A recently released briefing paper, prepared by the Nuffield Trust for Research and Policy Studies in Health Services, examines how local clinicians and managers are working together to develop closer service integration and less fragmented care for patients in the United Kingdom. The paper focuses on what is facilitating or impeding change, as well as setting out proposals for policy-makers in order to enable more rapid progress towards developing better coordinated services.
The authors use five case studies of health economies in the English National Health Service (NHS) — Torbay, Nottingham, Trafford, Cumbria and Redbridge — as a basis for their analysis. Emerging themes from the case studies are:
- Integrating primary, medical and community health services,
- Managing demand and developing new care models,
- Addressing an unsustainable acute sector,
- Establishing effective clinical leadership,
- Using data and information technology (IT) to integrate patient information,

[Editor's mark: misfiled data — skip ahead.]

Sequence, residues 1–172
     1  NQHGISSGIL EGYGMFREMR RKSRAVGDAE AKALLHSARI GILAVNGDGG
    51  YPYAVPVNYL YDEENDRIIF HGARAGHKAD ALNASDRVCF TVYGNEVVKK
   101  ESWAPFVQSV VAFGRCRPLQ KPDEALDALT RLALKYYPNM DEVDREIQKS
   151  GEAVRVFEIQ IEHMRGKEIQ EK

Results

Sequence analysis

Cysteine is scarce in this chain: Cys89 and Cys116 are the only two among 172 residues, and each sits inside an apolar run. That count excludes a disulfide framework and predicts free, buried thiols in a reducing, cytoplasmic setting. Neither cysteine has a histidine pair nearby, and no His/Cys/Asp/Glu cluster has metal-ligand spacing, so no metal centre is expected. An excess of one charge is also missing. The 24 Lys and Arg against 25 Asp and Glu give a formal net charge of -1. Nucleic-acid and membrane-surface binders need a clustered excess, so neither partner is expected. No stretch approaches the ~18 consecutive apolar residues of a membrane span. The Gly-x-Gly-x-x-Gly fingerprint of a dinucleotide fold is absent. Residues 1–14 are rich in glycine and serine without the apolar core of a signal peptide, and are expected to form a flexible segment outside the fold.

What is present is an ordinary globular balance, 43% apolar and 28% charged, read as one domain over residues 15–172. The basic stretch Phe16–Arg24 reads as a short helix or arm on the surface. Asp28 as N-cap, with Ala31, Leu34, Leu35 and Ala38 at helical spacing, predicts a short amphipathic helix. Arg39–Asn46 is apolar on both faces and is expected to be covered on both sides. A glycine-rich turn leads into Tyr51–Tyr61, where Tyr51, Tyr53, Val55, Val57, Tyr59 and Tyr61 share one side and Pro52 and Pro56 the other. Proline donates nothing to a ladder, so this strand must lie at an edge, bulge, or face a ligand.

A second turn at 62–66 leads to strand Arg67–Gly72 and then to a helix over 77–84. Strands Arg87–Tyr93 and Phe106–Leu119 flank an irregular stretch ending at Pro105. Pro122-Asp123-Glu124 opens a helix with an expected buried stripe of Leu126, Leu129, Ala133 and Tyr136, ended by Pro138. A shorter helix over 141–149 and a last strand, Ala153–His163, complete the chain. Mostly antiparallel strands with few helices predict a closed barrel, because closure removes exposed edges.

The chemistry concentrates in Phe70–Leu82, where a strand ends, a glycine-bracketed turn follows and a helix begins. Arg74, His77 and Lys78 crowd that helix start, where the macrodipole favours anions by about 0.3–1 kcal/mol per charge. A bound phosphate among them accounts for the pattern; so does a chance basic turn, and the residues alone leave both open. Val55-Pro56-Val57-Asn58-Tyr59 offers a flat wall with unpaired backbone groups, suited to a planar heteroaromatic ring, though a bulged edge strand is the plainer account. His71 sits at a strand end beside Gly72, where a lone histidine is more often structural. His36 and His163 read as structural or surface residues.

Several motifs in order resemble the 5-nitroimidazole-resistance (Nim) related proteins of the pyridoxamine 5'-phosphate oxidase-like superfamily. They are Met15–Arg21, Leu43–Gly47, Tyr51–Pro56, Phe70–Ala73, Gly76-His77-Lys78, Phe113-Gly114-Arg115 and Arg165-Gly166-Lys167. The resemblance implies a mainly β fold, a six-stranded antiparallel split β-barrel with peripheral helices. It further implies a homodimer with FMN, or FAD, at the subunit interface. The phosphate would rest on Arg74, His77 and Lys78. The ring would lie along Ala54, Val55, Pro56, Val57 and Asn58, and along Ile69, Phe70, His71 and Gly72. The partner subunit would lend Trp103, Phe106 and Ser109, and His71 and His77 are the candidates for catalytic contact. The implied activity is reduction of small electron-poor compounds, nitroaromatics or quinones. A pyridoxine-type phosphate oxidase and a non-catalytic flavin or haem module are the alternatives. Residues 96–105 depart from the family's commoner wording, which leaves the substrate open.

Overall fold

- Involving the public,
- Establishing new forms of organization and governance, and
- Learning from the experience of integration abroad.
Several policy suggestions are given, including the need to develop closer service integration and less fragmented care for patients, such as implementing a policy on competition and collaboration. Other suggestions for improving integration include offering incentives to support integration, general practitioner budget-holding, improved social care, smarter regulation and the need for system leadership.
See “Removing the Policy Barriers to Integrated Care in England,” September 2010, available at www.nuffieldtrust.org.uk.